West German Chancellor Helmut Kohl came away from a White House meeting yesterday seemingly confident that President Reagan is unlikely to press for new curbs on East-West trade when he meets with America's major allies at the Williamsburg, Va., summit next month.

While declining to specify what Reagan had told him, Kohl said at a news conference afterward: "I see no reason to believe that this subject will play a major role at Williamsburg. It may be discussed, but rather marginally.

"If the background of the question is what happened in Versailles, I do not think it will come up as a subject of major controversy at Williamsburg," he added.

He was referring to the fears of west European leaders that raising the East-West trade issue will provoke a confrontation similar to the one that broke out over the Soviet Union's natural gas pipeline following last year's summit at Versailles in France. The administration's efforts to impede the pipeline by imposing sanctions against European firms assisting in its construction caused the most serious rift between the United States and its allies in years.

German delegation sources said that Kohl, who was empowered to speak on behalf of the European Economic Community, argued to Reagan that the Atlantic Alliance cannot afford another bitter dispute at a time when tensions in Europe have been heightened by the prospective deployment of U.S. medium-range nuclear missiles in western Europe later this year.

On the missile question, Kohl, who was visiting here for the first time since his Christian Democratic Union's victory in the West German national elections last month, reiterated to Reagan his government's determination to move ahead with deployment of the missiles on German territory if the Soviet Union fails to reach an arms control agreement with the United States.

With Kohl standing by his side, an obviously pleased Reagan said: "The chancellor has confirmed his strong endorsement of our negotiating strategy." The president was referring to the recent U.S. proposal for an interim agreement that would see the Soviet Union dismantle some of its medium-range range missiles in exchange for the West cutting back part of its planned missile deployment.

However, Reagan stressed, he and Kohl "remain united in our commitment" to begin installing 572 Pershing II and cruise missiles in West Germany and other NATO countries if the U.S.-Soviet negotiations in Geneva fail to make headway. Of the total, 204 missiles will be based in West Germany, and the rest in Britain, Italy and Belgium.

At his news conference, Kohl denied that opposition from West German nuclear freeze advocates will create sufficient turmoil to block deployment there. He said:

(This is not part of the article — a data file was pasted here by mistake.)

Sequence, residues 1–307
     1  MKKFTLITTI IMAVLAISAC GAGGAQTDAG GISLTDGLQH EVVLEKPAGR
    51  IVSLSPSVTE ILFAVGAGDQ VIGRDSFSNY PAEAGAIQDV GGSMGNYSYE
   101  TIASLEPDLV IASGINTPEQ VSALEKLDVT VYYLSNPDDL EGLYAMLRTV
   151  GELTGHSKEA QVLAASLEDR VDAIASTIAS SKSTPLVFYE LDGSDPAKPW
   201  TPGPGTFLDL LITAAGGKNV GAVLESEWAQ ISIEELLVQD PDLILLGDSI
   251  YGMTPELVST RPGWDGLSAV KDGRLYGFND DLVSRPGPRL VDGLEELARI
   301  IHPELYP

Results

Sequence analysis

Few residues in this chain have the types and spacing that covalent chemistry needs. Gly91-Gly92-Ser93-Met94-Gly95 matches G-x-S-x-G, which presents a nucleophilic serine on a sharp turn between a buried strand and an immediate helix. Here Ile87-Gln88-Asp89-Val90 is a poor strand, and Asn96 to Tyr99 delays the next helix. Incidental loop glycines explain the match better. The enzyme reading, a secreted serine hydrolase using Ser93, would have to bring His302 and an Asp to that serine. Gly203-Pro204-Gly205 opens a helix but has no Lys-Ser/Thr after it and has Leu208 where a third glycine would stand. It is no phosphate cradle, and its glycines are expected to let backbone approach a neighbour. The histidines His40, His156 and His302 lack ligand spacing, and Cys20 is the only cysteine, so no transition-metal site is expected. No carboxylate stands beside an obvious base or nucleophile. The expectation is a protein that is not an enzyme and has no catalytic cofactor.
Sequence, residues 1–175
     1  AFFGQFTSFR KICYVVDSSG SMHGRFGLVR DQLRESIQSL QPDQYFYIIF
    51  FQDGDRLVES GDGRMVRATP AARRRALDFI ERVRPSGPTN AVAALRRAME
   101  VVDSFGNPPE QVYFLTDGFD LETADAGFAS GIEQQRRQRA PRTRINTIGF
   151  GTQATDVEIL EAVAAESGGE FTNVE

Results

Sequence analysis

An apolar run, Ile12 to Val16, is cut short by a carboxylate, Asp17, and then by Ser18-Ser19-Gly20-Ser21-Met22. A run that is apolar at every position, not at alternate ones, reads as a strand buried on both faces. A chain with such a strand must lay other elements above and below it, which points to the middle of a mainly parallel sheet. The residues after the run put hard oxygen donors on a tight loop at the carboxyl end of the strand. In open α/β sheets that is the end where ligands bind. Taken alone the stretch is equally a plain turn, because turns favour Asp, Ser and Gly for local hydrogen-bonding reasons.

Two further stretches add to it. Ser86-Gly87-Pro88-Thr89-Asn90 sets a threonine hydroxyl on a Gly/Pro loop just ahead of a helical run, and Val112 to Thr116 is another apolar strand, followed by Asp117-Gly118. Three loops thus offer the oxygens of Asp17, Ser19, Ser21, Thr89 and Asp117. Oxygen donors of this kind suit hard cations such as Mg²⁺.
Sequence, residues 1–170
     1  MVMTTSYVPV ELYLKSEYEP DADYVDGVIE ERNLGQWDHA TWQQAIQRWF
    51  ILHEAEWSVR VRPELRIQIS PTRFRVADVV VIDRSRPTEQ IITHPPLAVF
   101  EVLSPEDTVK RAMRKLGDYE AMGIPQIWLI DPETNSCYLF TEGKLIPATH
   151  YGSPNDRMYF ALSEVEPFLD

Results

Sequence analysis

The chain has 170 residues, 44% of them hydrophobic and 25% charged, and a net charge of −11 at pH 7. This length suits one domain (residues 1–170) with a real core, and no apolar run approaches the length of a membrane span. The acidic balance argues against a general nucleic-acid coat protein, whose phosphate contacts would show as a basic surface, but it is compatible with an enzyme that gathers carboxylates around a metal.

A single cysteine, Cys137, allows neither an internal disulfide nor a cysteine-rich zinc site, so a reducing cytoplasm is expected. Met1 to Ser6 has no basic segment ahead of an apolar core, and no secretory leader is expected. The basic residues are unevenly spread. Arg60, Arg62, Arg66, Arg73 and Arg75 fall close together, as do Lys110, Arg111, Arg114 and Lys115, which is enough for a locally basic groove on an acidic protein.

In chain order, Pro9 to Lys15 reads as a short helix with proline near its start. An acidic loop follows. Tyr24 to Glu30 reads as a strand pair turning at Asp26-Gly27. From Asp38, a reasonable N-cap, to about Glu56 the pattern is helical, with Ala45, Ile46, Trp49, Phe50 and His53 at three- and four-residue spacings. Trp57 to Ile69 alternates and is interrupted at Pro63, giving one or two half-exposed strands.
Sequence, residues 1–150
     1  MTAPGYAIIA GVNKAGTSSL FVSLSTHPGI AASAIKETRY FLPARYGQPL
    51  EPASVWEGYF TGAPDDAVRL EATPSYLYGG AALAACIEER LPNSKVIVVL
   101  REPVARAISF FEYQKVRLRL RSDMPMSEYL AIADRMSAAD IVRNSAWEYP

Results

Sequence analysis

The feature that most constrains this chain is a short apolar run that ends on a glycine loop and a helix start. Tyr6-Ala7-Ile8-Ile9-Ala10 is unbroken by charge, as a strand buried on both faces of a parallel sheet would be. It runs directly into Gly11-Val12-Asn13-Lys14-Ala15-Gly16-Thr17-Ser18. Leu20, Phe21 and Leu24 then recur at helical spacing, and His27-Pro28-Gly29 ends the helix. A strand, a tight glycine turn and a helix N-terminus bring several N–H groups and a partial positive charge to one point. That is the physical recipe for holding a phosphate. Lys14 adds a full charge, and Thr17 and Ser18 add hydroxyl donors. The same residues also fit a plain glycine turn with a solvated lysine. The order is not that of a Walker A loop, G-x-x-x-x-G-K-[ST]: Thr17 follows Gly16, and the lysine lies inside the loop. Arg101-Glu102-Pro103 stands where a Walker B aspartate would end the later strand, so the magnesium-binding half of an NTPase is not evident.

"We are not eager to have these missiles--not at all--and we want these negotiations with the Soviets to succeed. But the Soviets must be aware that things cannot go on as in the past, and we will stick by our agreement" to accept the missiles.

German sources made clear that, in addition to reaffirming Bonn's steadfastness on the deployment question, Kohl's other major priority in the White House talks was to convince Reagan that it would be unwise to provoke a new fight over East-West trade at the summit.

According to the sources, Kohl said West European leaders understand that Reagan, through personal conviction and pressures from his conservative constituency, wants to take a tough line toward the Soviet Union and the East European communist countries. The administration argues that western high-technology exports have aided the Soviet nuclear rearmament effort and forced the West to expend huge sums on countering the Soviet military buildup.

But, the sources continued, Kohl also warned that the situation is seen very differently in Western Europe, where the jobs of many voters depend on exports to the East bloc.

As a result, he reportedly stressed, if Reagan wants to avoid causing new eruptions against U.S. leadership of the alliance, he must think in terms of public opinion in Europe as well as in the United States.

As to Reagan's reaction, the sources said only that the president promised to give the greatest consideration to Kohl's arguments. However, the chancellor's subsequent public comments and the remarks of two senior U.S. officials, who briefed reporters after the White House meeting, suggested strongly that Reagan will not push the issue in Williamsburg.

The pipeline dispute was defused last November after Secretary of State George P. Shultz worked out an arrangement to lift the sanctions against European firms in exchange for an agreement to study ways of achieving a more coordinated western approach to East-West trade.

Kohl said that the Williamsburg meeting would receive "a progress report" on these studies. The two senior U.S. officials, who declined to be identified, noted that only some of these studies will be completed by the time of the summit, an indication that the intention is to push consideration of the East-West trade problem into the future.